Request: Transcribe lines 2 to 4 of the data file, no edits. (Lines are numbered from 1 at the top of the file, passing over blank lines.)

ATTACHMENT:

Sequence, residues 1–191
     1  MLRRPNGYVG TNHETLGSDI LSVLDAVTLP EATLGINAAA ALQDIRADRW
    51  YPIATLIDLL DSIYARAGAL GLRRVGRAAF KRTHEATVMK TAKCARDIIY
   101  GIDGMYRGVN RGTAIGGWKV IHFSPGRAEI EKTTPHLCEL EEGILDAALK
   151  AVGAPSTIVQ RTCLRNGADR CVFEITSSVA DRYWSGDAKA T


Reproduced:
     1  MLRRPNGYVG TNHETLGSDI LSVLDAVTLP EATLGINAAA ALQDIRADRW
    51  YPIATLIDLL DSIYARAGAL GLRRVGRAAF KRTHEATVMK TAKCARDIIY
   101  GIDGMYRGVN RGTAIGGWKV IHFSPGRAEI EKTTPHLCEL EEGILDAALK